Maintaining constant awareness of our body through continuously bodying our awareness is the fundamental meditational practice (sadhana) of The New Yoga – understood as an ongoing life practice and not just a way of practising ‘meditation’. Only through whole-body awareness can we achieve ‘right action’ – action that springs from our self as a whole.  Conversely, only through  ‘right action’ can we truly act ourselves – bodying our awareness self. That means ensuring that our words and deeds, our speech and bodily action are not simply reactions springing from localised bodily sensations, emotions and impulses – for these can reflect only a part of ourselves – but instead are fully in resonance with our self as a whole, our soul.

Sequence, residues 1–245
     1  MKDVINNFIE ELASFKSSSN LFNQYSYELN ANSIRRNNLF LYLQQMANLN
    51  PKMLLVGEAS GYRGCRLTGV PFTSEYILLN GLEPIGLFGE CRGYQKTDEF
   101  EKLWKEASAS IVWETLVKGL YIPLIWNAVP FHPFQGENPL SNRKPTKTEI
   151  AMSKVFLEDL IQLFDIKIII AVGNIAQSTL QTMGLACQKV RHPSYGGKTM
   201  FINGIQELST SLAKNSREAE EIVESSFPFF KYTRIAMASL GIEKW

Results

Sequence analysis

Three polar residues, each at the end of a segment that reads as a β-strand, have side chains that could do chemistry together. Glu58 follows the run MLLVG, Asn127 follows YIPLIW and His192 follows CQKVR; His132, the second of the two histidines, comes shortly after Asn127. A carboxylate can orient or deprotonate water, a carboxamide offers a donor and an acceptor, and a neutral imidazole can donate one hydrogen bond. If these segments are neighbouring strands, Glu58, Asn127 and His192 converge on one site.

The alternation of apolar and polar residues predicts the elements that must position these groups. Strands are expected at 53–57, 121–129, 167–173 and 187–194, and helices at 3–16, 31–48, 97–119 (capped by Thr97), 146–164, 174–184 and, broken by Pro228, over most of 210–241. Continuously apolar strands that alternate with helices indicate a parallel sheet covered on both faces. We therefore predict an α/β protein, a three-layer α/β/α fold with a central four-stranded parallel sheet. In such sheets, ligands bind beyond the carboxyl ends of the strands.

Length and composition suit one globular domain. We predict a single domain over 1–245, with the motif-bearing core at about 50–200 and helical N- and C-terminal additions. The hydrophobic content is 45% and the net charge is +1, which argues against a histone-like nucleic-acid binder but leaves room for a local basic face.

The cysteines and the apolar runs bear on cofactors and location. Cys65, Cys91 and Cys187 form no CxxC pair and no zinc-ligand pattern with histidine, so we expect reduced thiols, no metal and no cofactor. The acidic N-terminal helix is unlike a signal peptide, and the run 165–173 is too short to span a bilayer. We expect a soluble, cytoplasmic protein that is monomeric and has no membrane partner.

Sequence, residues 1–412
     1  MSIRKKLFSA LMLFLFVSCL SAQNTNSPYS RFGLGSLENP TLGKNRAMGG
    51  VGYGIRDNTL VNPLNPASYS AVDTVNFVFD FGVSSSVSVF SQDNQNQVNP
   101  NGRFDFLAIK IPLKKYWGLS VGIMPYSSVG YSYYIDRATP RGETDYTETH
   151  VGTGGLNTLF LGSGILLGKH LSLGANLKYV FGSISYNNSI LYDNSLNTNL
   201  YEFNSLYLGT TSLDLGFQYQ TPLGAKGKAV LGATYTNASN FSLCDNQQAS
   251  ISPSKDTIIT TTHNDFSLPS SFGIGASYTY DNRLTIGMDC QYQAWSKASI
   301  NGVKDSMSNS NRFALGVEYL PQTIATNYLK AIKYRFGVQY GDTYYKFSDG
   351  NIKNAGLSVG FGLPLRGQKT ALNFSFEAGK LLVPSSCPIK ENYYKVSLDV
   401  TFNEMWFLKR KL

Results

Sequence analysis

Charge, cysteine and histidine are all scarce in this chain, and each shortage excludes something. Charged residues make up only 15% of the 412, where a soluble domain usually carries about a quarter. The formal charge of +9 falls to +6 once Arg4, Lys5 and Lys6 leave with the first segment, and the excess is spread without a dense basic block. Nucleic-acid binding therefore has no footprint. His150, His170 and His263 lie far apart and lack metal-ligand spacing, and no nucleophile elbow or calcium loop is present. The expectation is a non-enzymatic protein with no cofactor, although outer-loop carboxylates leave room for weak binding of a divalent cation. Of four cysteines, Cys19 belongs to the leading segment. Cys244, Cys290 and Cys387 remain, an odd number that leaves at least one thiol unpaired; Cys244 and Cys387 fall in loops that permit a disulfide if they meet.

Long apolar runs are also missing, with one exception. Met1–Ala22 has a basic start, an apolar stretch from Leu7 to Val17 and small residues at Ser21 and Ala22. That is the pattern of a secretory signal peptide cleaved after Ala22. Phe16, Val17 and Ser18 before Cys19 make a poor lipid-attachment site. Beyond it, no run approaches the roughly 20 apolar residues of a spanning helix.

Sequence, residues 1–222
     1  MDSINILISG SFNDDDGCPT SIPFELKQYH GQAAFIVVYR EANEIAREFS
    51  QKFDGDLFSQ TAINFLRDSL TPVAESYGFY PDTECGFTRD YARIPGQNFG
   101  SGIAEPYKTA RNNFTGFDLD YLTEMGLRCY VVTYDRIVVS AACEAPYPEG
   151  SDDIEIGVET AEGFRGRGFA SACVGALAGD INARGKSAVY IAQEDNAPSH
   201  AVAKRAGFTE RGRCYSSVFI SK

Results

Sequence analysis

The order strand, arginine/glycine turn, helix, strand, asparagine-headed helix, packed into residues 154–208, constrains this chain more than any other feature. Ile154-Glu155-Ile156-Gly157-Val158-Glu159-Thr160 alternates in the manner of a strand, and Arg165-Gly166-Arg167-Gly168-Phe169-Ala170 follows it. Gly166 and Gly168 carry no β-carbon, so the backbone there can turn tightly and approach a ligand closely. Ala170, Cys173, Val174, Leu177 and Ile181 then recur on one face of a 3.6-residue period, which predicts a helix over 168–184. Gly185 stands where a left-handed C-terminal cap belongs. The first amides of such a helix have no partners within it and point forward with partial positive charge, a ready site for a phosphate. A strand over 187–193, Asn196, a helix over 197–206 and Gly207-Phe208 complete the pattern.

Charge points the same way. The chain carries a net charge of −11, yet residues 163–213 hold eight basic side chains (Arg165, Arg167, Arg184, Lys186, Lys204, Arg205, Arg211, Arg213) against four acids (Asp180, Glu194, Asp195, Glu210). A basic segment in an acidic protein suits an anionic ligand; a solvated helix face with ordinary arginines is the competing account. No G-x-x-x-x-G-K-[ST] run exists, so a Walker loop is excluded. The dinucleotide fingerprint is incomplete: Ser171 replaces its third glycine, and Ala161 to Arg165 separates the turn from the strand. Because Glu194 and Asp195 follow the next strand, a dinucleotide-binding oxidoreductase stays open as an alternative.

Mudra means ‘seal’. In traditional yogas, mudras have been identified primarily with outward symbolic hand gestures (hasta-mudras) or with outward physical postures (asanas) of hatha yoga.  In The New Yoga mudra is understood as the ‘sealing’ of an inner soul-mood, comportment, or ‘disposition’ through the aware activity of bodying it - giving it outer physical form in our posture or ‘position’. Yet it is also important to understand that the sealing and ‘holding’ in awareness of an outward bodily posture or ‘disposition’ through mudra is quite literally the sealing or ‘holding’ of a shift or change of position - a ‘dis-position’. Every mudra therefore begins with such a shift in position, or posture, countenance or facial expression – it begins, in other words with bodily movement. Such movements are necessarily aware movements, for only as such can they serve to ‘seal’ and sustain a shift in the felt mood or tone of awareness they serve to seal and embody. “A disposition can confine man in his corporeality as in a prison. Yet it can also carry him though corporeality as one of the paths leading out of it.” (Martin Heidegger) Mudra is what brings the outer bearing, comportment or ‘position’ of our physical body into alignment or resonance with that of our inwardly felt body or awareness body, an intentional dis-position or shift in our bodily comportment. Everyday examples of mudra are such things as intentionally standing up in a social situation in order to (a) embody one’s disposition to leave and (b) to communicate this disposition to others. In contrast to this, unaware and unintended movements such as fidgeting or shifting restlessly in one’s chair, or looking bored and tired without intending to do so, are not ‘mudra’. Having a certain look on one’s face or in one’s eyes is not an example of mudra unless the look is intended and in-formed in an aware way by the way one feels – as when one gives a person a ‘nod’ or ‘wink’, greets, smiles or frowns at them, or in any way gives them a ‘knowing look’ – one intended to embody and impart a message. Every bodily act of an actor is a mudra in this sense - an aware and intentional act of bodily communication. A mudra then, is any manner of intentionally and expressively bodying a change or dis-position in our inner mood, bearing or disposition. It is also any way of actively giving outer physical form to the countless different shapes, tones and qualities of awareness that make up our awareness body. The essential principle of mudra is a principle of “morphic resonance” (Sheldrake). By giving outer form (morphe) to inner feeling tones or patterns of action we reinforce those patterns and amplify those feeling tones through resonance. Resonation is the very activity that leads to this state of morphic resonance with our own feeling tones or those of others. It is the very process of resonating back and forth between how we feel in our souls and the physical body language with which we express it - until they are in full and precise resonance. This is rather like finding the exact tone or chord on a musical instrument that gives expression to an inner tone of feeling.